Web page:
"I will say she probably hit her forehand the best that I've seen in a long time," Gauff said. "Also that could be just different because this is my first time facing her. I never practiced with her, so...

"That could just be my own thing because this is my first time feeling her ball. But she definitely played well tonight. She definitely was the better player tonight."

Cracking her first serve with confidence at the outset, Gauff made 10 of her first 14 first serves slashing her third ace to hold at love for 3-2.

Stephens stepped in slid her two-hander down the line answering with a love hold to level after six games.

Though Stephens has relied on her fast feet, balance and precise counter-punching skills to reach a couple of Grand Slam finals, she possesses more power than she often shows. Pressed to deuce in the eight game, Stephens amped up her aggression and swing speed clubbing successive forehands to even after eight games.

The forehand is Stephens’ kill shot and she drilled a diagonal forehand for double break point in the ninth game. Twenty-eight minutes into a tight match, the teenager blinked double-faulting into net to hand the former champion the break and a 5-4 lead.

Champions not only recognize pivotal points in matches—they seize them. Stephens did exactly that hammering her fastest serve of the night—a 111 mph slider—for a second set point and finishing with that fierce forehand.

Stephens’ superior forehand gave her the edge in a close set decided on a single break. Both women served well with Stephens winning 24 of 29 first-serve points in the set.

Tennis Express

Bouncing on her toes behind the baseline, Gauff used her court coverage to coax her first break point. Stephens saved it with a sharp serve out wide withstanding the pressure to level after four games of the second set.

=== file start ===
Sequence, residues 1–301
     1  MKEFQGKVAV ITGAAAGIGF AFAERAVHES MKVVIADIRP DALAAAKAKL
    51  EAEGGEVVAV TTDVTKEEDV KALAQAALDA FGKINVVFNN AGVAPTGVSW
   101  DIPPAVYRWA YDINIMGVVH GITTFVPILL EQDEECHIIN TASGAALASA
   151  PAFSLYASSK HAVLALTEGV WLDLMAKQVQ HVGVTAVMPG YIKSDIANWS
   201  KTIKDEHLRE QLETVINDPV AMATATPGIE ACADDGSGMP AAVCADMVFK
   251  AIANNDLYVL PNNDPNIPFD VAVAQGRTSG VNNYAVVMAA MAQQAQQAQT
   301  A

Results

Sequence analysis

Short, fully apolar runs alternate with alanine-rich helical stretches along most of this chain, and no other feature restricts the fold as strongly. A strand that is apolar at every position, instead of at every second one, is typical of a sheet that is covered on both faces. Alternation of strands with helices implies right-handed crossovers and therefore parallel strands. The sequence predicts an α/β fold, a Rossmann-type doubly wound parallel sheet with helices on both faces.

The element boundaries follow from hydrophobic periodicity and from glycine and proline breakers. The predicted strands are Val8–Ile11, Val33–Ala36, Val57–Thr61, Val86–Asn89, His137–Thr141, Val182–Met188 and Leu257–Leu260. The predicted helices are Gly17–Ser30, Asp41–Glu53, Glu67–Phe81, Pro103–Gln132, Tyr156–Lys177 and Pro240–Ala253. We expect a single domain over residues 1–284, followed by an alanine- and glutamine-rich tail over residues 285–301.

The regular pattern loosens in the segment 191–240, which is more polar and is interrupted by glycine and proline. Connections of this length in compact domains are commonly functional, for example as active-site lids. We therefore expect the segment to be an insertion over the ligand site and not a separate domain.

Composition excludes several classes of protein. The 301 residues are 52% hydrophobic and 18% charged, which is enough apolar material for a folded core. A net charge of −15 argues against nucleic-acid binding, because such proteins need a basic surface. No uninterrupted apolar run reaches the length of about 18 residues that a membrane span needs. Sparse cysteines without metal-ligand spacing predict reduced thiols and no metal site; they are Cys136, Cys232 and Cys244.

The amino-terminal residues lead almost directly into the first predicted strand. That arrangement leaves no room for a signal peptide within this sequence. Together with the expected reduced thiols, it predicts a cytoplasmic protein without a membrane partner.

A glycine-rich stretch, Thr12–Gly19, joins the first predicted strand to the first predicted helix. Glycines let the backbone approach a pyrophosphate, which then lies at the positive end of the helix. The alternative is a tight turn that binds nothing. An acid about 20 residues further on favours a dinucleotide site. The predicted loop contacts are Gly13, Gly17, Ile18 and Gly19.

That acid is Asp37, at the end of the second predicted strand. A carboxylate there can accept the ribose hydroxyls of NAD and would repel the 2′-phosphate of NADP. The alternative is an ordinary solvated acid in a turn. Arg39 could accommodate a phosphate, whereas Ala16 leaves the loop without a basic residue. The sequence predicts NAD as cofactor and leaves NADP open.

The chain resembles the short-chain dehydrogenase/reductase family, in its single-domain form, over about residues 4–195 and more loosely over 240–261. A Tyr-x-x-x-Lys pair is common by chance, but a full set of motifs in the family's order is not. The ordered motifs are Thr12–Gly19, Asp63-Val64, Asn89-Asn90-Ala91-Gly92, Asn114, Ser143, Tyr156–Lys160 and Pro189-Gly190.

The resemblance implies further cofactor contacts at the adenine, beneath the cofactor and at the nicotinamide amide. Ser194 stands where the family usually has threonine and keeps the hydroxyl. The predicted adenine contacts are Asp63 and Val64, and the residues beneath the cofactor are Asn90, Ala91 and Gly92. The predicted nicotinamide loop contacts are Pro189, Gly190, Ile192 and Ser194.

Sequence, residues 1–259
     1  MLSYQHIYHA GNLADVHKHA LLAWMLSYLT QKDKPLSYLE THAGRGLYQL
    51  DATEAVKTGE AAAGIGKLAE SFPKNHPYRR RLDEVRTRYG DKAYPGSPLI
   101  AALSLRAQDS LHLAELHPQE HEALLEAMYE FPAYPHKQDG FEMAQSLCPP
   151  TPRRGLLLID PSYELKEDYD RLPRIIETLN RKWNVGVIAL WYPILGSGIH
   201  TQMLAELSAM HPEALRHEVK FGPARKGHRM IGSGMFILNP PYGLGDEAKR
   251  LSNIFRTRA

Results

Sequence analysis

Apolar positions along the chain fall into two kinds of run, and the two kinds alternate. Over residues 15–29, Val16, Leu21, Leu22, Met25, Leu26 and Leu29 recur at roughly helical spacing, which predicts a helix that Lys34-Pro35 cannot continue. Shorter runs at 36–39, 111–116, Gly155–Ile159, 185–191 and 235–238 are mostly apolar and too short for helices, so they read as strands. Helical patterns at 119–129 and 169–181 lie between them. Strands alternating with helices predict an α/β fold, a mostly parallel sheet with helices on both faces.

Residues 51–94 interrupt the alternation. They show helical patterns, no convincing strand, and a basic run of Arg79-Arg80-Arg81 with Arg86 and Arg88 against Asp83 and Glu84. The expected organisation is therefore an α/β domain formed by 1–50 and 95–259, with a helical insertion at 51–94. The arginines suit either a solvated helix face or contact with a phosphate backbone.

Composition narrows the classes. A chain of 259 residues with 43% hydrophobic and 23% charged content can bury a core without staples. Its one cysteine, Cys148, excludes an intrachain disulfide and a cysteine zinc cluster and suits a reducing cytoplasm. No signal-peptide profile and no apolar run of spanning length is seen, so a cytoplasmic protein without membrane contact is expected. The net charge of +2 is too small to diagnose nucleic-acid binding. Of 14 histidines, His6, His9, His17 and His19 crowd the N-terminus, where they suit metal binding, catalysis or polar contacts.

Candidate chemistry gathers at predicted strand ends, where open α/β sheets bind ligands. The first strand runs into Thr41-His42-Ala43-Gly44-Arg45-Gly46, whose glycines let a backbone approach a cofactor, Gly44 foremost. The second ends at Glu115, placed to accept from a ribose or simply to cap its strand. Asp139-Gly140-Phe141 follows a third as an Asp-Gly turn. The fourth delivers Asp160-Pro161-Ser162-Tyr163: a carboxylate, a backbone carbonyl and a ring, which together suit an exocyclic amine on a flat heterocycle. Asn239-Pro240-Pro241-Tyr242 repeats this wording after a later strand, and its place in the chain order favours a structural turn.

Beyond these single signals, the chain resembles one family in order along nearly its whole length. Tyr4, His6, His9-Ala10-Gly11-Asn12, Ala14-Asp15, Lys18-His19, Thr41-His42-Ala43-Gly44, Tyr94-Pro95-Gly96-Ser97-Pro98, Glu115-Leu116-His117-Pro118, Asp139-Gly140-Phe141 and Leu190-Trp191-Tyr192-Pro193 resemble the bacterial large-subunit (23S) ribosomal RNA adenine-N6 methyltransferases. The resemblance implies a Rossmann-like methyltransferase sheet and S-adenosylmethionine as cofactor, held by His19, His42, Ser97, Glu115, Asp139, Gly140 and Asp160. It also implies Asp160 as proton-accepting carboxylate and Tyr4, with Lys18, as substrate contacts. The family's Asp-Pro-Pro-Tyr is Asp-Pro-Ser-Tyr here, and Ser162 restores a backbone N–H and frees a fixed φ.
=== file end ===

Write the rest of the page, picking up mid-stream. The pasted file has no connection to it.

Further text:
Working her way to net behind a forehand down the line, Stephens carved a slick drop volley for love-30 then tested the teenager’s volley to earn triple break point. A wild forehand from Gauff strayed wide as Stephens scored the break for 3-2 on a six-point surge.

Continuing to target Gauff’s forehand, Stephens stretched that streak to 10 consecutive points extending her lead to 4-2.

Facing friendly fire against Gauff and Keys infuses former champion Stephens with the confidence she can sustain this roll.

"Obviously I've had to battle two good friends. I think the pressure is a little bit different when you play two people that you know well," Stephens said. "It's a different type of pressure. Obviously playing here at the US Open and playing Americans, it's very different.

"But I'm really happy with the two wins. I played good tennis to get them. Yeah, I mean, it's still only the third round of a slam so I have to keep going. But it's nice to know that I was able to get those two wins with all the pressure and outer things happening."